All great writing requires constant work.
None of it and no one, comes by it easily.
Consistent tuning is needed to create that ‘magical story moment’ through your words on the page.
However, there are steps you can follow to help.
The steps of smoothing, refining, critiquing and editing are the essential mortar when you’re building your written piece.
They are what hold it together to form a solid, timeless piece that will last. Without them, your writing crumbles.
Polishing your lamp
Your work needs polishing at various stages between drafting and completion.
It’s a skill that everyone should have (not just editors, copywriters or professional writers), as it’s one that can make all the difference in the final result.
Doing it well can release the genie of brilliance from your work.
What was once hidden and trapped within clumsy, cluttered or rough work can suddenly become shiny, smooth and pleasant to read. But it takes time, patience and a process to get a great shine on your genie lamp.
Here are five possible steps (of the many you can take) to polish your work:
1. Word Exchange
You want readers to feel what you want them to feel. Look for how words are working. Are they doing what you want?
The word equine rather than horse adds to and changes the feeling of a paragraph. Chartreuse really is different to green. Perplexed is ever slightly different in meaning then unsure.
Choose words that add to your feeling. When going through your second, third or fourth drafts check how words are working. Exchange them for better ones if they’re not doing their job well enough.
What makes a sentence cluttered? Unnecessary words and phrases.
Redundancies also add to the mess. It’s normal for us to use redundancies in our daily speech, but when removed from writing, it sounds cleaner.
She stood up She stood
The dog sat down The dog sat
He climbed up the tree He climbed the tree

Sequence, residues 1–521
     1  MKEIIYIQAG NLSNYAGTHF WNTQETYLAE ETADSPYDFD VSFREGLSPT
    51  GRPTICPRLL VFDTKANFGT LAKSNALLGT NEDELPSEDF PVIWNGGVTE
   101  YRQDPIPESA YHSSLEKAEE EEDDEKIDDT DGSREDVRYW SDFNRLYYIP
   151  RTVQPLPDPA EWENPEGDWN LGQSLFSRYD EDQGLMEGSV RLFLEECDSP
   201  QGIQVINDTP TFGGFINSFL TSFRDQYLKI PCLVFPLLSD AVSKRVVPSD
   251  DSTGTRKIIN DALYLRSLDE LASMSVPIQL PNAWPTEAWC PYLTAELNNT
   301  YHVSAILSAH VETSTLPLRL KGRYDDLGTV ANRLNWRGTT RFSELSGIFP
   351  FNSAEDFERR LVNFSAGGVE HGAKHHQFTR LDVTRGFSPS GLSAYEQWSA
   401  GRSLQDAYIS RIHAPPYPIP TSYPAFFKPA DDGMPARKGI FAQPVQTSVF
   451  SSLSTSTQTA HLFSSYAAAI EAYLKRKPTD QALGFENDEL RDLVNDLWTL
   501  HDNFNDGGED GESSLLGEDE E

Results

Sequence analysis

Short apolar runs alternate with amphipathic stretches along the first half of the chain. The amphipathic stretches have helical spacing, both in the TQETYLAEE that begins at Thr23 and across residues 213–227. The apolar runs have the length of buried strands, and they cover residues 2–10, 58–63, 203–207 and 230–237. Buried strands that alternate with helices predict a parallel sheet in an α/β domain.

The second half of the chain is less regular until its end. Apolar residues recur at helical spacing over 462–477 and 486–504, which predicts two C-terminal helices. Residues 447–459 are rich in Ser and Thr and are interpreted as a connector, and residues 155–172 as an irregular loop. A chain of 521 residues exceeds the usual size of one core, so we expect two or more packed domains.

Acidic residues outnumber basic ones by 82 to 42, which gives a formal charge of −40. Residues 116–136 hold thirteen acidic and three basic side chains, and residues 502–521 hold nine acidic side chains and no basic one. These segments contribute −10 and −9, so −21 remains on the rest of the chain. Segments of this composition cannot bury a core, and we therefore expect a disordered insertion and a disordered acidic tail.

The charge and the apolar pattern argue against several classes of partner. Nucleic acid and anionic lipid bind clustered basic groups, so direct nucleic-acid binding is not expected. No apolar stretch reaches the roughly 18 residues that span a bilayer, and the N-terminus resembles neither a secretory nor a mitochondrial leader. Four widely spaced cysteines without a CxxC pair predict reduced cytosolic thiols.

Carefully go through your writing, find unnecessary words and redundancies and highlight them. Come back later and rewrite them.
3. Passive voice v’s active voice
To persuade someone or make your reader ‘feel’ what you want, you need to use an ‘active’ voice instead of a passive voice. So what’s the difference? An active voice is when the subject of the sentence takes the action of the verb, rather than receives the action.
Active – He turned on the light and read a book
Passive – The light was turned on, and books were everywhere.
An active voice is usually much stronger.
What is it? It’s the flow and the rhythm behind the words your write. Read your work aloud and imagine there is a beat behind the words – then you’ll get a sense of cadence. Sentence after sentence with a similar rhythm, similar number of syllables and similar style can be boring. They can lull a reader to sleep.
Vary your cadence to keep your readers interested.
5. Trim down
Like an eating program, it’s wise to use portion control in your writing. Writing an outline, or a list of points to start and working from there, can often help avoid run-ons of words.
There are lots of ways to work through the polishing process – as many as there are to write.
The key is to do what works best for you.
It’s always easier to polish something that is already there (a prototype or vomit draft) rather than expecting yourself to ‘create’ and ‘finesse’ simultaneously. Therefore generally speaking, write first and then experiment.
Some people dread revisions as much as I dread first drafts. Personally I love the process of polishing.
But maybe that’s because I also believe in genies-in-the-lamp stories!
Your turn …
How do you polish your work? What approaches have you found that work?
Do some work better than others?